State regulators moved Wednesday toward making it significantly easier for patients to gain access to medical marijuana, proposing an overhaul of a program hobbled by missteps when it dawned three years ago.
The rules would allow nurse practitioners to certify patients for marijuana use, similar to the way such nurses already write prescriptions for other medicines. Now, only physicians can certify patients for medical marijuana use.
Under that change, Massachusetts would join a handful of other states – New Hampshire, Vermont, Maryland, Minnesota, and Washington – that allow advance practice nurses to authorize patients for marijuana use, according to the Marijuana Policy Project, a Washington, D.C., organization that tracks marijuana laws and lobbies for legalization.
The proposed rules would also allow Massachusetts dispensaries for the first time to post prices of products on their websites, which means patients could comparison shop.
The proposals include a provision permitting dispensaries to deliver products to patients in nursing homes, hospices, and other health facilities. Currently, dispensaries can make deliveries only to patients homes.
Our goal is safety, transparency, and access for patients who need this, said Dr. Monica Bharel, commissioner of the Massachusetts Department of Public Health, which oversees the states medical marijuana program.
This is an evolving process, Bharel said, both in Massachusetts and nationally.
The proposed rules, part of a larger initiative by the Baker administration to review and update all state regulations, were presented to the Public Health Council, an appointed board of physicians, academics, and consumer advocates that helps the health department set policy.
The agency is expected to schedule a public hearing on the proposals this fall before bringing a final version to the Public Health Council for approval. Regulators were unable to provide a timetable for implementing the proposals.
State data indicate that roughly 36,000 patients have been certified to use medical marijuana. Seven dispensaries have opened, and three more have received state permission to grow marijuana, but have not opened for sales.
The proposed changes should prove especially helpful to patients who rely on nurse practitioners for their primary health care, said Nichole Snow, executive director of the Massachusetts Patient Advocacy Alliance.
Snow said allowing dispensary deliveries to nursing homes and other health facilities will be of particular benefit to patients who are paralyzed or who have severe mobility problems.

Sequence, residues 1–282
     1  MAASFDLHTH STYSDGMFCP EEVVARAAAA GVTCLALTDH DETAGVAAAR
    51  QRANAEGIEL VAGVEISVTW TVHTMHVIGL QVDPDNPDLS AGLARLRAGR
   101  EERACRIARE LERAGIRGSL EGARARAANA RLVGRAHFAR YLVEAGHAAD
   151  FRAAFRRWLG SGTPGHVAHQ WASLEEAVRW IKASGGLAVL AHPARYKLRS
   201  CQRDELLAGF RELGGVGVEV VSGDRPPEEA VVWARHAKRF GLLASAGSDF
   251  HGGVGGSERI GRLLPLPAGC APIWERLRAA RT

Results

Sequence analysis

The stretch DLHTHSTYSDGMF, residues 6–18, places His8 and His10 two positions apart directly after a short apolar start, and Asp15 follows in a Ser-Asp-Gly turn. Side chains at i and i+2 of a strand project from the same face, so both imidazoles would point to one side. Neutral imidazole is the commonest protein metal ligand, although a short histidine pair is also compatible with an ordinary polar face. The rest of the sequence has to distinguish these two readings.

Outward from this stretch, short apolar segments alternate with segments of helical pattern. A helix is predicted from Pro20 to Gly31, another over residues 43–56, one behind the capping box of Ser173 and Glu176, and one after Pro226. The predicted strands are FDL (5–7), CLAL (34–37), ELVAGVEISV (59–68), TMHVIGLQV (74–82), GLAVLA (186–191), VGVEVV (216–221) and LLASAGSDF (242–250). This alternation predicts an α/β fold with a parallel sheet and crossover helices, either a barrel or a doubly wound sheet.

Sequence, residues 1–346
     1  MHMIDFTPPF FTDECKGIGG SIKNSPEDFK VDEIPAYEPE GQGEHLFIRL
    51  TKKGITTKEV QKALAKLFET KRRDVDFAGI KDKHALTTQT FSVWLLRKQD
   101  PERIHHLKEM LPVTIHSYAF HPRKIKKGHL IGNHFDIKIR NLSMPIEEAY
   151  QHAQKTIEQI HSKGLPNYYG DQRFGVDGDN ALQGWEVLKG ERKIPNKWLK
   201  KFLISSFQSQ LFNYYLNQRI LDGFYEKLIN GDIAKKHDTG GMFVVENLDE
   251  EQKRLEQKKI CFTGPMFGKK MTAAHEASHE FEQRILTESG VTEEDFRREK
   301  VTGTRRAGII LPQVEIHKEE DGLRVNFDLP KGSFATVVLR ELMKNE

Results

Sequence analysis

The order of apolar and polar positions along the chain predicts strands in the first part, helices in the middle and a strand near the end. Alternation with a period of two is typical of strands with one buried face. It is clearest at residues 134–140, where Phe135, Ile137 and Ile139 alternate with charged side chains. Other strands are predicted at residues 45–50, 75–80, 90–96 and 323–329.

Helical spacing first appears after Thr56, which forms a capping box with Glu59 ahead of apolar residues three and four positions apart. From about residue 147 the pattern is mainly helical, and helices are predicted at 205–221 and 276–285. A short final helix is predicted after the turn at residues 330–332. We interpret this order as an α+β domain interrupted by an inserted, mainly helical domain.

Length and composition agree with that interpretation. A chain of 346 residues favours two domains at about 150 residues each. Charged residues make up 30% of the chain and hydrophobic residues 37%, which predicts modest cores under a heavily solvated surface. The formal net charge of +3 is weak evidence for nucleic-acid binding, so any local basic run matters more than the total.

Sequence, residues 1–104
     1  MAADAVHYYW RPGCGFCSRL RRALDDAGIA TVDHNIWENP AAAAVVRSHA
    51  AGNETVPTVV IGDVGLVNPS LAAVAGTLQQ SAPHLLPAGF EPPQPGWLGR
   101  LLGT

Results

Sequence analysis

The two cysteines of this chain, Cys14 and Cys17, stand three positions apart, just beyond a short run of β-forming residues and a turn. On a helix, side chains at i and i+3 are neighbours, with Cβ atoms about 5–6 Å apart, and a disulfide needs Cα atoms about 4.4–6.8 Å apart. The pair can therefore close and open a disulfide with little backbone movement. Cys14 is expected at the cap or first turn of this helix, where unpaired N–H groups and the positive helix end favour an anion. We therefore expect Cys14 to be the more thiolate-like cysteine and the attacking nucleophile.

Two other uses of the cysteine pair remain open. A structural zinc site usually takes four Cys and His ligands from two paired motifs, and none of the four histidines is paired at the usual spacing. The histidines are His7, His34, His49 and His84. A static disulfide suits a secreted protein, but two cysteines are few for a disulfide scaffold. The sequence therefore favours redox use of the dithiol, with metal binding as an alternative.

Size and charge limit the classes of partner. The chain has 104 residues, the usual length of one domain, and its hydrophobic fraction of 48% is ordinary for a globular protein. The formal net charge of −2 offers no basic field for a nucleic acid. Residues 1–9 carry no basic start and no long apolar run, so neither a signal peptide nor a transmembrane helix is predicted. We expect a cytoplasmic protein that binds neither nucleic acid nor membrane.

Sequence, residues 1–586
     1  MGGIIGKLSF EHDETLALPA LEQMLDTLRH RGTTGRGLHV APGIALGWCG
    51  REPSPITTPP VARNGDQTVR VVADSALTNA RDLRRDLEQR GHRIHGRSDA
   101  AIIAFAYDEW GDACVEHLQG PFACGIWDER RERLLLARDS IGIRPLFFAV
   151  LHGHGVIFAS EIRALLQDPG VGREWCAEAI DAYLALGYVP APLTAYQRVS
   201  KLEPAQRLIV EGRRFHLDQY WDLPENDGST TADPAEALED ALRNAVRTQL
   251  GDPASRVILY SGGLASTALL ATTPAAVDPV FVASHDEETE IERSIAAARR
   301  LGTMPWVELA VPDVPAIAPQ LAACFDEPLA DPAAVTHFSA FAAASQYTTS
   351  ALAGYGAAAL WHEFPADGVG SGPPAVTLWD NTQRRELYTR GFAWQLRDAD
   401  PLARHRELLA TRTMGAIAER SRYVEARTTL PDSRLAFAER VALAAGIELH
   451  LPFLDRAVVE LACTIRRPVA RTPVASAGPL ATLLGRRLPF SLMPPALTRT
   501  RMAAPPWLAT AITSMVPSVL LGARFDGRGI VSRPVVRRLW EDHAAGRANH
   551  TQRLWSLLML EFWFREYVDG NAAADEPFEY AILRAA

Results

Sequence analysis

This will be helpful for these patients who feel theyve been forgotten, Snow said.
And allowing dispensaries to post prices online will help patients as consumers, she said.
Price shopping is a part of cost-savings for patients, Snow said.
Most states allow dispensaries to post prices online, according to Jordan Wellington, compliance director at Vicente Sederberg, a Colorado law firm that represents dispensaries in many states.
But the Massachusetts regulators proposal to allow dispensaries to deliver to nursing homes and other medical facilities is unusual, Wellington said.
A lot of states dont allow delivery to begin with, he said. This may be a very positive step forward for patients. At times, institutional players can be conservative in decision making, and without express authorization in the law, fewer institutions would provide this option for palliative care for patients.
The proposed changes sparked few questions from the Public Health Council. But some members expressed concerns that a small number of physicians have provided the vast preponderance of approvals needed by Massachusetts patients to gain access to medical marijuana.
State data released in June show that just 13 doctors had certified nearly three-quarters of patients who had received permission to use medical marijuana. Many other physicians in the state are reluctant to sign off on patients using the drug, according to the Massachusetts Medical Society.
The council members said they worried that state rules were not being followed that require patients to have a bona fide relationship with the health care provider – currently only physicians – who certifies them for marijuana use.
In May, the Board of Registration in Medicine stripped a doctor of his medical license for allowing nurse practitioners to certify patients. The physician, Dr. John C. Nadolny, was medical director of Canna Care Docs, a company that specializes in certifying patients for marijuana use in six states, including Massachusetts.
In suspending Nadolnys license, the medical board said he had signed 5,792 patient certificates without having the required relationship with the patients, and that he often delegated the work to nurse practitioners, which up until now has been prohibited.
State records at that time showed that Nadolny was the states second-highest provider of patient certifications.